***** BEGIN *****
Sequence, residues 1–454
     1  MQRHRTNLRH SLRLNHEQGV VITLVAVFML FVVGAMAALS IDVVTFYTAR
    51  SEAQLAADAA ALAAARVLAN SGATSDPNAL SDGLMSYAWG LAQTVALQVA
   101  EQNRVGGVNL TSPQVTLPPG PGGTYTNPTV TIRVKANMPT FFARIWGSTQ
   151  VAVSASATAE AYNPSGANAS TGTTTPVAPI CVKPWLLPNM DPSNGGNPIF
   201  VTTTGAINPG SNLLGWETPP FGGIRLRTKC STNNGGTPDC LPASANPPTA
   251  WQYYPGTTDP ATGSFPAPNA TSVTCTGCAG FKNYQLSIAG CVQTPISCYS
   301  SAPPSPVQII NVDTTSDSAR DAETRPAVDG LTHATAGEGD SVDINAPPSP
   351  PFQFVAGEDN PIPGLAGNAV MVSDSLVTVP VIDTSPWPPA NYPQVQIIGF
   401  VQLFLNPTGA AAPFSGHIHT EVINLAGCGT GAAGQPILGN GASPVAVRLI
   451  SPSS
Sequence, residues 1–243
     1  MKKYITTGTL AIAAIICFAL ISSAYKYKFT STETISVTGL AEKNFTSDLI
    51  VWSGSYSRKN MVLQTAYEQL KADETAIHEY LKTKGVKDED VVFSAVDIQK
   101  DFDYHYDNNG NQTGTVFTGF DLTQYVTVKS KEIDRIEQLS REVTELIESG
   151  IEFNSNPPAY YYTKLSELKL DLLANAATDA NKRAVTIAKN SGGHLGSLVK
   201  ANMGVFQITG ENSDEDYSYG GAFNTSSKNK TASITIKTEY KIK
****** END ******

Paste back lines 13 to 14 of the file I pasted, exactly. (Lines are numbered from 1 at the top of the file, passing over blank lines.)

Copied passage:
     1  MKKYITTGTL AIAAIICFAL ISSAYKYKFT STETISVTGL AEKNFTSDLI
    51  VWSGSYSRKN MVLQTAYEQL KADETAIHEY LKTKGVKDED VVFSAVDIQK